Anti-Glyphosate Campaigners Cling to a Science Fiction
There’s a mediocre Star Trek movie from the 1990s called “Insurrection” in which the crew of the U.S.S. Enterprise finds a paradisiacal group of clean, beautiful people living a perfect agrarian life because they have rejected all advanced technology.
The reality of course would be the exact opposite. Without technology, people would filthy and exhausted. Children would be starving. There would be no time for wholesome recreation because gathering and preparing food would demand virtually all of most people’s time. When the Enterprise crew showed up, they should have found misery, not paradise.
And yet, some people cling to this notion – that the answer to our ills is to look backward, not forward. It’s borderline religious for some: any human development has a deleterious impact on the environment, ergo we need to stop developing.
This week, fortunately, there was some good news from the Environmental Protection Agency, which announced that glyphosate is not a carcinogen. The most widely used herbicide in US agriculture, farmers spray glyphosate on fields of crops while others use it on lawns and golf courses. Millions of people use it safely every year. Some say it’s “almost as fundamental to farming as tractors.”
But several high-profile lawsuits have ruled large awards in favor of plaintiffs that allege glyphosate causes cancer. In California recently, two lymphoma patients were each awarded about $80 million apiece in suits against Bayer, and there are thousands more lawsuits waiting in the wings.
Critics on one side may say that the EPA’s determination is actually the Trump Administration ruling in favor of big business, but critics on the other side may say these juries are ruling in favor of the lawsuit industrial complex. (Indeed, you can sign up for your own glyphosate lawsuit here.)
But the EPA under Trump isn’t the only regulatory authority that’s found glyphosate is non-carcinogenic and safe when used appropriately. Their classification is consistent with agencies in Canada, Australia, Germany, New Zealand, and Japan, plus the European Food Safety Authority and European Chemicals Agency.
As one scientist wrote for Slate, “Although it has been subject to outsized scrutiny, glyphosate’s benefit-risk ratio is one of the highest of all weed killers derived from organic chemistry. It is less toxic than common chemicals like aspirin. It is therefore surprising that media coverage has been irrational and even hysterical.”
Evidence of that hysteria: in January, a French court banned the weedkiller Roundup, which uses glyphosate – even though the European Union had given it a seal of approval.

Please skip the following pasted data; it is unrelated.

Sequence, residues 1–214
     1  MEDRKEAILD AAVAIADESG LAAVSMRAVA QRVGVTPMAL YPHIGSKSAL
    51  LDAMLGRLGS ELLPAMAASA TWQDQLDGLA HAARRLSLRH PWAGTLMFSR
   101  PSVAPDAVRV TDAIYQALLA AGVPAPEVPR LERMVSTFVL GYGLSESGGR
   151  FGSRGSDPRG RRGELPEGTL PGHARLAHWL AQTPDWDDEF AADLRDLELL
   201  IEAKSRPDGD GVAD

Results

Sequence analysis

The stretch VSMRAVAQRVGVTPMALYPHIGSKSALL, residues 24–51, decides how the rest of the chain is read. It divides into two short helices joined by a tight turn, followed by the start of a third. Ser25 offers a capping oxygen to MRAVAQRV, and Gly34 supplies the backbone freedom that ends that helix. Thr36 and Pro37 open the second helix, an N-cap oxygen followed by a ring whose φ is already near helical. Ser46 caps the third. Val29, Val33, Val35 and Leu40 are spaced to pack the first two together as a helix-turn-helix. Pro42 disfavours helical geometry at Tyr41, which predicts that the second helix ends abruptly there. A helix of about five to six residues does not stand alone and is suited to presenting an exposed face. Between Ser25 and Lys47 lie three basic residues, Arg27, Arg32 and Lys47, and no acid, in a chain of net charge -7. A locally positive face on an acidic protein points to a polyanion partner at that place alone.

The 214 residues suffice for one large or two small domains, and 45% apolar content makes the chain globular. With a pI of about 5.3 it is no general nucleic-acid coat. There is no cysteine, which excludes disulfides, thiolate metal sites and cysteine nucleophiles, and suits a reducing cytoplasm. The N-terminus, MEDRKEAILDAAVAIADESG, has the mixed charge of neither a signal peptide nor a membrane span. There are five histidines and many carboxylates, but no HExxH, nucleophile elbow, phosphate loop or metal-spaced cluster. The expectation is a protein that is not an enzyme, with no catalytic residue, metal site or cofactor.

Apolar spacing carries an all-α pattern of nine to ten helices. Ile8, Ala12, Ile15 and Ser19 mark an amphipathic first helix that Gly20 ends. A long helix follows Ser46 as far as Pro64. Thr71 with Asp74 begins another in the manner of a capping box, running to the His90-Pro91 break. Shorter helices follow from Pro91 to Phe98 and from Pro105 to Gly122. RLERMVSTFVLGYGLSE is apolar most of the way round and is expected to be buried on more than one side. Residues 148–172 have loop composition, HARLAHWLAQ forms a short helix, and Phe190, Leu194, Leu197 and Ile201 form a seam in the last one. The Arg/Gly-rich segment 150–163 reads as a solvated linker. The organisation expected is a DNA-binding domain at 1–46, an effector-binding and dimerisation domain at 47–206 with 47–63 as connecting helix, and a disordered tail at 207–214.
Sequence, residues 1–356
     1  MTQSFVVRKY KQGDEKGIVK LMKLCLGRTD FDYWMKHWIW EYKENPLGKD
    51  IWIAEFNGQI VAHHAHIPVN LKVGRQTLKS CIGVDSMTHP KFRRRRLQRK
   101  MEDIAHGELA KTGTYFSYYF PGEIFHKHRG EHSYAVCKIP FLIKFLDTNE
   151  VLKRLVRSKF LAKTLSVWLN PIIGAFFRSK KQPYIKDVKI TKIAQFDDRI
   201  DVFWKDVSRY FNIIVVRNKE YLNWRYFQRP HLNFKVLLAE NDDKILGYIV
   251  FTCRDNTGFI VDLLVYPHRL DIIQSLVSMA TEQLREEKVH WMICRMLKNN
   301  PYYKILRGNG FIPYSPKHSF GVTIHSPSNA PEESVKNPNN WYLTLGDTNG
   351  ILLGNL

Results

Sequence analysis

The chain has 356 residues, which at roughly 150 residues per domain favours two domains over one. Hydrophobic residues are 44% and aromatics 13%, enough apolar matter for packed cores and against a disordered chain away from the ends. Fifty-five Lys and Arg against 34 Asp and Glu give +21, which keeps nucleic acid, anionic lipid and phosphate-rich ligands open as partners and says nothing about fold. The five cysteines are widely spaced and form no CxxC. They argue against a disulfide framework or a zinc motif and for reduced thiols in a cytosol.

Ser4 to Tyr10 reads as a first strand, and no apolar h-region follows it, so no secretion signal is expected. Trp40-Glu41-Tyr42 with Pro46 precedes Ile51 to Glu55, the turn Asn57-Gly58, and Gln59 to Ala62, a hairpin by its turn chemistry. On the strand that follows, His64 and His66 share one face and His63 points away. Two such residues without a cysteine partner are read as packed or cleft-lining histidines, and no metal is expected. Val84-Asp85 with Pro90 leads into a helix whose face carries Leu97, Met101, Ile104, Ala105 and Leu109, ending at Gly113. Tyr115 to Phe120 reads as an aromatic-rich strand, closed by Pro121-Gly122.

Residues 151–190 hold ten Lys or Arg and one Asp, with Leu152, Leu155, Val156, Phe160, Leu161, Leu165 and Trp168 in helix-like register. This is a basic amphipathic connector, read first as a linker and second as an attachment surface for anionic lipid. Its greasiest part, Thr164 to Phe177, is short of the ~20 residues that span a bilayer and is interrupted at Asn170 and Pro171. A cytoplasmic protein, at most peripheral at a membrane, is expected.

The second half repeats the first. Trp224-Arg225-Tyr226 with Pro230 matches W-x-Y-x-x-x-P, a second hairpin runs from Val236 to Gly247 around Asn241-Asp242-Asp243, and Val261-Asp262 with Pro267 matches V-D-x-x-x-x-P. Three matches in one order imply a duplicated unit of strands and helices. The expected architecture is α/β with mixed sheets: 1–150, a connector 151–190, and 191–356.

If this gets out of hand, the economic, nutritional, and even environmental impacts could be devastating. According to one study, restricting glyphosate use worldwide would result in an annual global farm income loss of $6.76 billion, plus the incalculable empty bellies across the world. It would precipitate a net 12.4 percent negative environmental impact, as measured by the environmental impact quotient (EIQ), since farmers would need to use more dangerous herbicides. Working unsprayed fields would require increased fuel use equivalent to putting nearly 12 million more cars on the road.
Glyphosate isn’t a magic potion. It must be applied appropriately, targeted against intended pests while protecting pollinators (bees), and adapted for weeds that develop resistance. Fortunately, the EPA is already addressing these issues.
Remember it’s survival of the fittest, not the strongest. And weeds are pretty fit when it comes to outcompeting food crops.
Yet given this basic scientific principle, there is a knee-jerk, dogmatic urge among some to preserve an Earth in a pristine state, untouched by human innovation. Secular environmentalists are trying to return us to a Garden of Eden state, not realizing that even God himself said the ground was cursed, more interested in producing thorns and thistles than herbs. “In sorrow shalt thou eat of it all the days of thy life” is the line from the Bible.
No one should want that. We should want to be able to feed as many people as well as we can. It’s a fallacy to think we can enjoy the comforts and indulgences of the modern life without the tools of the modern world. It’s pure science fiction.